|Seven Wonders of the Ancient World|
|• Great Pyramid of Giza
• Hanging Gardens of Babylon
• Statue of Zeus at Olympia
• Temple of Artemis
• Mausoleum of Maussollos
• Colossus of Rhodes
• Lighthouse of Alexandria
The Mausoleum of Maussollos (or Mausoleum of Halicarnassus) was a tomb built between 353 and 350 B.C.E. at Halicarnassus (present Bodrum, Turkey) for Maussollos, a governor in the Persian Empire, and Artemisia II of Caria, his wife and sister. The structure was designed by the Greek architects Satyrus and Pythis. It stood approximately 135 feet in height, and each of the four sides was adorned with sculptural reliefs created by four famous Greek sculptors—Bryaxis, Leochares, Scopas, and Timotheus.
The finished structure was considered to be such an aesthetic triumph that the ancient historian Antipater of Sidon identified it as one of his Seven Wonders of the Ancient World. The word mausoleum has since come to be used generically for any grand tomb, though "Mausol—eion" originally meant "dedicated to Mausol."
Modern buildings inspired by the mausoleum include Grant's Tomb in New York City; the Los Angeles City Hall; the Shrine of Remembrance in Melbourne, Australia; and the Scottish Rite House of the Temple on 16th Street in Washington, D.C.
In 377 B.C.E. Halicarnassus was the capital of a small region and kingdom on the coast of Anatolia. In that year the ruler of the region, Hecatomnus of Milas, died and left the control of the kingdom to his son, Maussollos. Hecatomnus, a local governor under the Persians, took control of several of the neighboring cities and districts. After Maussollos and Artemisia, he had several other sons and daughters: Ada (adopted mother of Alexander the Great), Idrieus, and Pixodarus. Maussollos extended its territory as far as the southwest coast of Anatolia.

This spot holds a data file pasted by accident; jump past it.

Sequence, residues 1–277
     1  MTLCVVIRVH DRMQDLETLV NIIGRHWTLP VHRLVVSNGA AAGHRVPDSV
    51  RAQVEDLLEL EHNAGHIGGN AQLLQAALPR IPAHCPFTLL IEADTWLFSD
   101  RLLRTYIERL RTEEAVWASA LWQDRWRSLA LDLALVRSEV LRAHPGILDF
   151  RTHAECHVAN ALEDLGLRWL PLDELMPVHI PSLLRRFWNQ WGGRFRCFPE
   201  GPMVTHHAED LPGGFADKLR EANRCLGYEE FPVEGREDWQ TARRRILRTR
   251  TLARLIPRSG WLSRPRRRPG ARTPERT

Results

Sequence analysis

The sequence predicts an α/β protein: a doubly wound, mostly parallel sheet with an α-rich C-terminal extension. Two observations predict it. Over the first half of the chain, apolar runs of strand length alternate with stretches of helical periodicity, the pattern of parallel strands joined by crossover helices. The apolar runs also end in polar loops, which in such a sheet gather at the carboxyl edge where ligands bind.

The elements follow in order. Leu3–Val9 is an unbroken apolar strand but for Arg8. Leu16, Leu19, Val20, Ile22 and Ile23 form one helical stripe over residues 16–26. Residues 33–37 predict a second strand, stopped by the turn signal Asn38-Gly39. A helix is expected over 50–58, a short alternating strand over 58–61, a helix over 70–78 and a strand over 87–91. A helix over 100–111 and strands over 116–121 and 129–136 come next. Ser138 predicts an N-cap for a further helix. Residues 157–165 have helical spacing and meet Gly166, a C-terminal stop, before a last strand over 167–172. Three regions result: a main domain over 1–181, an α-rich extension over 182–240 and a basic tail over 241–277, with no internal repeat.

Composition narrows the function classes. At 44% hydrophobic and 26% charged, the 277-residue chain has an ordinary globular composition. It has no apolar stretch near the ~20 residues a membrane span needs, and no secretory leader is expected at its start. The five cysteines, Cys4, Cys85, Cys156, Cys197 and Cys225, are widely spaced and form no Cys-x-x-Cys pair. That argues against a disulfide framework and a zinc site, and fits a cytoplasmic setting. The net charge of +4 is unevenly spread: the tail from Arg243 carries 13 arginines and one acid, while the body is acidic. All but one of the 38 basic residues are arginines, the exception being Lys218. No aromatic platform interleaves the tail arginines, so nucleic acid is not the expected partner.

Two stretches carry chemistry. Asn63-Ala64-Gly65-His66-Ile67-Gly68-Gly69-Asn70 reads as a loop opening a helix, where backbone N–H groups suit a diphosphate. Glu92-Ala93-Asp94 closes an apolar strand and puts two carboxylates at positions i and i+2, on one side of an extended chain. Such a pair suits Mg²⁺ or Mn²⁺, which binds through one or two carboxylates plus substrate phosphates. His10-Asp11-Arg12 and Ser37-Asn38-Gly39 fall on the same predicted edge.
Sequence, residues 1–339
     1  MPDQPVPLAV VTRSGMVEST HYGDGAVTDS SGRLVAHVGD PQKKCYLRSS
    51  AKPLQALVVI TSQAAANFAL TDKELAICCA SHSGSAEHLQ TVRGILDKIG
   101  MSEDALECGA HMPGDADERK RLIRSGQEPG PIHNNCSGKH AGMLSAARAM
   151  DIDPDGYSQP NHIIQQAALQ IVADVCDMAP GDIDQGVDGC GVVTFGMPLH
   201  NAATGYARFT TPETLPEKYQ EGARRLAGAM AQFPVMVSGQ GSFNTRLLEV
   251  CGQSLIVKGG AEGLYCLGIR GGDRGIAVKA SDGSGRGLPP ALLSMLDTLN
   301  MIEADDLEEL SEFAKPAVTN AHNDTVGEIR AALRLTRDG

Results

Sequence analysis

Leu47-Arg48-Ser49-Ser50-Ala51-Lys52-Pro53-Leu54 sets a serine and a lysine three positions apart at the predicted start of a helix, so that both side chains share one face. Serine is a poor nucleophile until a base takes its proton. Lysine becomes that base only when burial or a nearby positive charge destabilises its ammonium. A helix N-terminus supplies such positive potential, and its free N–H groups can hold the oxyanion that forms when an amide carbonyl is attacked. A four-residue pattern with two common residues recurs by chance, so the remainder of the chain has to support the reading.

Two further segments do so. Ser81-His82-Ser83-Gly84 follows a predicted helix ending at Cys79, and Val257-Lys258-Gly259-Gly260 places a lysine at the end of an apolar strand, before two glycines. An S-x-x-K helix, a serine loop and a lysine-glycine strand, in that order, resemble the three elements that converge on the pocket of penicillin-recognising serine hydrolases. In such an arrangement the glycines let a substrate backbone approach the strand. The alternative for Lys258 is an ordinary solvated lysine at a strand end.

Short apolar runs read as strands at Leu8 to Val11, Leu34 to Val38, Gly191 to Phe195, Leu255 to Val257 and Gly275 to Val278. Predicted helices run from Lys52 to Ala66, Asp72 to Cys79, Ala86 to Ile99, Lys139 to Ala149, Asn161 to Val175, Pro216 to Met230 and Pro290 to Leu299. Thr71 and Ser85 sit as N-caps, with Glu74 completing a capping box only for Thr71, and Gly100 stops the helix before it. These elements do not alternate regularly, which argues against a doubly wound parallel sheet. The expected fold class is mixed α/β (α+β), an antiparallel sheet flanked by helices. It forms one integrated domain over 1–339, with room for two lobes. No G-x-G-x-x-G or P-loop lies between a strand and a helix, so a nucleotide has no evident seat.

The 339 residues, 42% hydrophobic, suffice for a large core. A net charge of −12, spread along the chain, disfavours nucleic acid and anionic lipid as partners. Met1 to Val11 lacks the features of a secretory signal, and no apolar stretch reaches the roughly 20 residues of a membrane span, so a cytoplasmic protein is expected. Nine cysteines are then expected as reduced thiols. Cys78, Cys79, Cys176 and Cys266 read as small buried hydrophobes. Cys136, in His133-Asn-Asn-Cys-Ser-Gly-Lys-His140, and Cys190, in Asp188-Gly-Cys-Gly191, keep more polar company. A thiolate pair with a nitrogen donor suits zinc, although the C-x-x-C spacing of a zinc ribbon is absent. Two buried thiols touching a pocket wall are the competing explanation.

Maussollos and Artemisia ruled from Halicarnassus over the surrounding territory for 24 years. Maussollos, although descended from local people, spoke Greek and admired the Greek way of life and government. He founded many cities of Greek design along the coast and encouraged Greek democratic traditions.
Maussollos decided to build a new capital, a city as safe from capture and as magnificent as any to be seen. He chose the city of Halicarnassus and began to make it a capital fit for a warrior prince. At its port, if Maussollos's ships blocked a small channel, they would be able keep all enemy warships out. His workmen deepened the city's harbor and used the dredged sand to make protecting breakwaters in front of the channel. On land, they paved squares, built streets and houses for ordinary citizens, and on one side of the harbor they built a massive fortress-palace for Maussollos. From this palace, with clear views out to sea and inland to the hills, an enemy's advances would be clearly seen.